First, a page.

while waiting for some work to do at net control.

Our original assignment was to work at the Fish Hatchery aid station (mile 23.5 outbound) on Saturday from 5 AM to 10 AM, then go to net control at the courthouse to relieve the ham radio operator there for a while. My job at net control would be to assist the timing director and her volunteers to input runners' times in and out of aid stations into the computers so folks could track the runners on the internet during the race. Then we might need to go back out to Fish Hatchery or another aid station during the afternoon and overnight Saturday/Sunday (when runners were on the return portion of the out-and-back course) to relieve one of the hams who was calling in times and handling emergency communications.

By Friday evening Bruce had decided that Jim and I were needed more at net control on race morning than out at Fish Hatchery. That aid station normally doesn't use a ham operator to call in times because the hatchery has offices where the timers can fax the information to net control. It's also one of the only aid stations on the course that has reliable cell phone coverage, so emergencies can be handled on the phone.

Our new assignment was to report to net control at the courthouse at 5:15 AM on Saturday to help Dick with the receipt of times over the radio from Mayqueen and by fax from Fish Hatchery. Dick would show me how to input the times into a computer so they could be uploaded to the race website. Other folks would be coming in during the morning to help input the times, which is a tedious task. After lunch we could decide whether to stay at net control or go out to one of the aid stations to relieve other hams.

That sounded OK to us, although not exactly what Jim had hoped for. Since we'd probably be working all day Saturday and throughout the night, we slept in for the race start at 4 AM and didn't go out to watch the runners in front of Jack's office as they made the turn off 6th Street toward The Boulevard about one mile into the race. (That's where we watched the cyclists last week.)

We figured we'd catch up to the runners' whereabouts soon enough.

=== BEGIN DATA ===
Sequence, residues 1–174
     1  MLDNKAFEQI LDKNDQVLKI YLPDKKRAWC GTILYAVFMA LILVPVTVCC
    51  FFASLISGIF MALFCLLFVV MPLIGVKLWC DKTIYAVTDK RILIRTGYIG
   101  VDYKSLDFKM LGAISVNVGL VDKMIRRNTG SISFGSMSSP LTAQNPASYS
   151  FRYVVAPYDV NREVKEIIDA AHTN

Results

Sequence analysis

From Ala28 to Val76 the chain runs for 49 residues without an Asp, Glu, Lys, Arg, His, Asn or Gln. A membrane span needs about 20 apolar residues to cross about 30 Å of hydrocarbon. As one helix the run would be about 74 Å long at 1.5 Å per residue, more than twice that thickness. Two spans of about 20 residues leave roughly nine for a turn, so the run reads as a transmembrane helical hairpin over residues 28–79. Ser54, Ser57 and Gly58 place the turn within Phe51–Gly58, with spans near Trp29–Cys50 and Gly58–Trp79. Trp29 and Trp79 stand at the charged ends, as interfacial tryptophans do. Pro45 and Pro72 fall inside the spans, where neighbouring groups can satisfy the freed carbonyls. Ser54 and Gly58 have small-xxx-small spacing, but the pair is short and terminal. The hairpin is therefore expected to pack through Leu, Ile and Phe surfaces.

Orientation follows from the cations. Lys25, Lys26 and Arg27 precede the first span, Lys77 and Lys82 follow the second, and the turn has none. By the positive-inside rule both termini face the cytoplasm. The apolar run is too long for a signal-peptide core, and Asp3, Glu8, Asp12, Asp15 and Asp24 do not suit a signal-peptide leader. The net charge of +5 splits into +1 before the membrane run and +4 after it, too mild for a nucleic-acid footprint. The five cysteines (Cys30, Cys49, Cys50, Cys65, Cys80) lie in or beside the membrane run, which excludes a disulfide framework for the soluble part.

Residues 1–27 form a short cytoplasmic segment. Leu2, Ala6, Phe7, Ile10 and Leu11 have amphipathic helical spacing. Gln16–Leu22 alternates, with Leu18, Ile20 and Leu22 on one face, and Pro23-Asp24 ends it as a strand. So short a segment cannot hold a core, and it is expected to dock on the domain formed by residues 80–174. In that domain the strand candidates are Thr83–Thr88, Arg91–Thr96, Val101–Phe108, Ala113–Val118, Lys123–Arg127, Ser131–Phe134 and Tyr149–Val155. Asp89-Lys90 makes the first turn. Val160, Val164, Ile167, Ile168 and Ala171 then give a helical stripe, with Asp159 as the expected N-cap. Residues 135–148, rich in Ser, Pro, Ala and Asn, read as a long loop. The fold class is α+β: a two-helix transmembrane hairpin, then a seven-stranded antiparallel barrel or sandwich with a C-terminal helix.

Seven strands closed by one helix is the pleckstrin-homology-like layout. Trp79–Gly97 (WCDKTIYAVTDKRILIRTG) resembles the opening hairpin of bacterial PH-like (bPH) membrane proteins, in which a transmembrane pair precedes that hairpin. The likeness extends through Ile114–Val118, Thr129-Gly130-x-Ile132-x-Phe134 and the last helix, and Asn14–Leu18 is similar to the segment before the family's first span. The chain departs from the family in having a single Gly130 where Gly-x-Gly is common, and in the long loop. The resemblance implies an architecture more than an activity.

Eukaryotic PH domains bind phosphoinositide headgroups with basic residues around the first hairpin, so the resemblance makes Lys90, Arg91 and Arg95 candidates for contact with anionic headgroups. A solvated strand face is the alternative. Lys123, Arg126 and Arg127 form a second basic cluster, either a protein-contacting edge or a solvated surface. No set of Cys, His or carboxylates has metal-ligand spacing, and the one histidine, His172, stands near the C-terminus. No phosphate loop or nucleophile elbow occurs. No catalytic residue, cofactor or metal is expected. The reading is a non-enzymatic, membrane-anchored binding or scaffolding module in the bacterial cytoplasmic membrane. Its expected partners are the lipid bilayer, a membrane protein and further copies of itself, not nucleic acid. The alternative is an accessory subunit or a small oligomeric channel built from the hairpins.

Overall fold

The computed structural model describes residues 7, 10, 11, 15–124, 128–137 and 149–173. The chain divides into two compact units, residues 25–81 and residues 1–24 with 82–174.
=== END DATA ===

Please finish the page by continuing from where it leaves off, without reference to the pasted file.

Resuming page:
We were up at 4:30 AM and in the tax assessors' office by 5:15. Net control (think "mission control") is set up in two rooms in the courthouse, which is adjacent to the start/finish line at 6th and Harrison. Timing sheets are posted on the front doors,

medical and drop bag tents are set up on the front lawn, and people congregate here before, during, and after the race.

We shoulda stayed in bed longer. Much longer. My next five hours were pretty much wasted. I wish I'd brought something to read. I kept expecting to have some work to do at any time, so I didn't leave and go back to the camper to get something to read;.I should have.

Dick was the only other person there. He was bored, too, with nothing to do except show Jim how to work his dual-band ham radio in case we got some actual work to do. That took about one minute. Dick knew Jim wanted experience on the radio so he encouraged him to take the timing information when Brian, the ham at Mayqueen, began calling in the runners' times around 6 AM. Jim happily waited to hear from Brian.

It would be a long wait.

I knew pretty quickly that I had no immediate job. No computers had been brought in during the night, set up, OR networked together for the runners' times to be input. In prior years the timing coordinator (who I will not identify) apparently has done that the night before the race so the whole system is ready to go as soon as the runners start coming into Mayqueen (about 5:40 AM this year).